Regulatory non-compliance can have serious ramifications in terms of financial liability (citations), organization reputational issues, and in some cases even the ability to continue operating as a business entity. It is extremely important to have a mechanism in place for staying informed and complying with local jurisdictional regulations. Part of this mechanism should include a process of staying informed of new and proposed regulations that have a potential to impact your organization.
A safety management system is designed with the intent to serve as a framework for an organization, as a minimum, to meet its legal occupational safety and health obligations. Therefore, it only makes sense that a safety management system has a Legal & Other Requirements element within it.
LEGAL & OTHER REQUIREMENTS
For this element, you have to think outside the box and identify all occupational safety regulatory and non-regulatory (Other) requirements. This is a fun exercise that will likely involve more than the safety manager.
A key point to remember in this element is the “Other” requirements. This can include, but not limited to, non-legal requirements such as corporate directives, voluntary safety programs, customer and vendor requirements, industry associations requirements (such as annual safety metric reporting), etc.
Below is a brief sample of a Legal & Other Requirements Procedure should include:
- PURPOSE AND SCOPE
- To document the process for identifying and accessing legal and other requirements to which the organization subscribes that are applicable to the occupational health and safety requirements of its activities, products or services.
2.1 Applicable Occupational Safety and Health Requirements: Regulatory and legislative occupational safety and health requirements that the organization identifies, through regulatory/legislative interpretations and best professional judgment, as applying to the occupational safety and health requirements of the location’s activities, products, or services.
2.2 Applicable Other Requirements: Non-legal requirements such as corporate directives, voluntary safety programs through industry associations, etc.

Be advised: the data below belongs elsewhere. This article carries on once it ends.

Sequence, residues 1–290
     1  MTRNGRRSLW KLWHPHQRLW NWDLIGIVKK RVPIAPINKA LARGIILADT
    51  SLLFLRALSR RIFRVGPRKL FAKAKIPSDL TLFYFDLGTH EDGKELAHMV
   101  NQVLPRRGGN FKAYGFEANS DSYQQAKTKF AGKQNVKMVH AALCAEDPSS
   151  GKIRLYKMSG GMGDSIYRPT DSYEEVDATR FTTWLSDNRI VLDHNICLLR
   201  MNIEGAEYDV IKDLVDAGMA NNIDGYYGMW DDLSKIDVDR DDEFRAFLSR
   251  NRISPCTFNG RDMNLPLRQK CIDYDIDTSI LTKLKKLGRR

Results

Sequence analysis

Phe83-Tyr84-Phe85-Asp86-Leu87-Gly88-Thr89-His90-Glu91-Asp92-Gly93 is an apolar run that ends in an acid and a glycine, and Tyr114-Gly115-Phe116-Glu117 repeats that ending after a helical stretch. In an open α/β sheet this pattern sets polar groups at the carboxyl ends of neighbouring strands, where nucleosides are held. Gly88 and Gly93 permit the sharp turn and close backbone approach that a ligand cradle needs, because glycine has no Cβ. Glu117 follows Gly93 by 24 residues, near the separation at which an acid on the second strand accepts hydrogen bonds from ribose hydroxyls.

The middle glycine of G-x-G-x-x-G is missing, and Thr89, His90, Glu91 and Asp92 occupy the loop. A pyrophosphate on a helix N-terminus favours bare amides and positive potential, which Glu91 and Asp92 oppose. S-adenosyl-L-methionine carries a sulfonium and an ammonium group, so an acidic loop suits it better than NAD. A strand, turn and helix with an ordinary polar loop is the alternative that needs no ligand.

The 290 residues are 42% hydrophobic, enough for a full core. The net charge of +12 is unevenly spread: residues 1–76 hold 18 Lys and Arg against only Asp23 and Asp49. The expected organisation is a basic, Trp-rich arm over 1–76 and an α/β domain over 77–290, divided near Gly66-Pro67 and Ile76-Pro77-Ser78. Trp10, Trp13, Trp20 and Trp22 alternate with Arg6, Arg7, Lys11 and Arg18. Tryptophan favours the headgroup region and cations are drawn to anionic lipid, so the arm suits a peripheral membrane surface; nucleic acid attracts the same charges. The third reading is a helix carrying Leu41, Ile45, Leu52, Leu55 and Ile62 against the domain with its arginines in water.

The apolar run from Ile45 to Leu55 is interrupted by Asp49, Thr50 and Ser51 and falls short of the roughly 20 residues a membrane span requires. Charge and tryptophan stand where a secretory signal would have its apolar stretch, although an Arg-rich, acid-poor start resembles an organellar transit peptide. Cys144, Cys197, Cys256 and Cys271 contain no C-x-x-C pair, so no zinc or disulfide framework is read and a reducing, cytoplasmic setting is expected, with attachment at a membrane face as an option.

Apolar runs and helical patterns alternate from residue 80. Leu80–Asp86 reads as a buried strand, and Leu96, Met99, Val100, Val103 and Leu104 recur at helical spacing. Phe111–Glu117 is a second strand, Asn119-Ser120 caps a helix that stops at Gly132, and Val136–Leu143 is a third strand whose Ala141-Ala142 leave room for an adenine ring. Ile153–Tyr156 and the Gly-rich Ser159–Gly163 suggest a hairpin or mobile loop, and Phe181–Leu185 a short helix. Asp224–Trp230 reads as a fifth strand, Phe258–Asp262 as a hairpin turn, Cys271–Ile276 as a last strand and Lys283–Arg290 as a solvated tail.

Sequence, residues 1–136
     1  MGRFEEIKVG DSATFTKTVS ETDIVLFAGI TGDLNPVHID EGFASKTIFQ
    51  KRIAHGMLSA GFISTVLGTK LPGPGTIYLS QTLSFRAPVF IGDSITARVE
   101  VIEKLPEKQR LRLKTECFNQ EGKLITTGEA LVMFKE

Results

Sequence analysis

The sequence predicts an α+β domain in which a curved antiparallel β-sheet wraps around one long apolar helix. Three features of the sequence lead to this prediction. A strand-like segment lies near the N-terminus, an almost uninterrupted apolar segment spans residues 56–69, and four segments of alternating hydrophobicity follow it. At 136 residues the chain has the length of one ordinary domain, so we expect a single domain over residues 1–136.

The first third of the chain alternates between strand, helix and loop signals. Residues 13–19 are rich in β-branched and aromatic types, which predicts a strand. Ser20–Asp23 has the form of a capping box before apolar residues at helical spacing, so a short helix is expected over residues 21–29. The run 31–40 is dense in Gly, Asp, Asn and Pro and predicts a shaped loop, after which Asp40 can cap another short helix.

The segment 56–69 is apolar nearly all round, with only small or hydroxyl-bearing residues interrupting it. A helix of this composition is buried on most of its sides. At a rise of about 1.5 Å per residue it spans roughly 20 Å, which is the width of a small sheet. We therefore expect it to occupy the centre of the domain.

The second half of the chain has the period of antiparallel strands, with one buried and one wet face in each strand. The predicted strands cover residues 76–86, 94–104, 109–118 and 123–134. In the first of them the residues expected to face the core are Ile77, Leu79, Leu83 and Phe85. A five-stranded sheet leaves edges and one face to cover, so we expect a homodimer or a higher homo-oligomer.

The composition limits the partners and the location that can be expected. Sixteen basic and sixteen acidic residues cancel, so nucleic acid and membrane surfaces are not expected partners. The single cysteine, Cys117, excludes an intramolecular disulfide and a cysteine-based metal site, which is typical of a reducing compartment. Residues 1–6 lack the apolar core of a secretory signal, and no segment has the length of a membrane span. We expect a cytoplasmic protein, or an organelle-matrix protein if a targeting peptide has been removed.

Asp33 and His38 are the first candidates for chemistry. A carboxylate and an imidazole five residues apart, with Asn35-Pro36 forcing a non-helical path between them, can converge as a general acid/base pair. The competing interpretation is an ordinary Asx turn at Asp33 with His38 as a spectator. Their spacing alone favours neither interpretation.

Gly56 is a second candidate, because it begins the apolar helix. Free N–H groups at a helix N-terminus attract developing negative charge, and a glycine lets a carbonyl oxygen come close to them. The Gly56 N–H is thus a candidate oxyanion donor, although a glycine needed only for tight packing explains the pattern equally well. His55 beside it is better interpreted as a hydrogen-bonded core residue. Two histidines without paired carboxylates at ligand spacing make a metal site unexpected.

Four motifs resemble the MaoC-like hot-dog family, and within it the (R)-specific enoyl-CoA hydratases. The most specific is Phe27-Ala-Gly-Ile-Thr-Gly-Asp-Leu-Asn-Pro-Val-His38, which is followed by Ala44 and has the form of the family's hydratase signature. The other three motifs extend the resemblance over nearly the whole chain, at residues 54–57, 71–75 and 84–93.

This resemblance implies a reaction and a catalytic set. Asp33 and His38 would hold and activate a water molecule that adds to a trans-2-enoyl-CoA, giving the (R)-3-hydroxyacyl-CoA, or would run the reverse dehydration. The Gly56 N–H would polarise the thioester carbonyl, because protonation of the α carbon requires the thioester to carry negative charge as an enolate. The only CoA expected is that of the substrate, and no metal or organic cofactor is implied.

3.1 Safety Manager:
3.1.1 Work with the corporate safety department, and, as appropriate, General Counsel to identify the legal and other requirements to which the organization subscribes that are applicable to the occupational safety and health aspects of the location’s activities, products, or services.
3.1.2 Access to current occupational safety and health rules, regulations, and other requirements will be provided via the Internet (regulatory agency web-sites, etc.), and through the corporate occupational safety and health personnel.
3.1.3 At least annually, review applicable health and safety requirements. More frequent reviews may be performed when:
- A new requirement is promulgated or an existing requirement changes
- A new operation or practice is planned
- An existing operation or practice is to be modified
4.0 Summary of Jurisdictional Safety Regulatory Requirements (list by bullet items).
5.0 Summary of Non-Regulatory (Other) Safety Requirements (list by bullet items).
In conclusion, you want to make sure that the procedure has a Review/Revision Log attached to it. Doing so will showcase the continuous improvement on this particular procedure and help other managers in the future be able to understand what and why changes were made. Keep in mind that all procedures must, at a minimum, have an annual review for accuracy and effectiveness.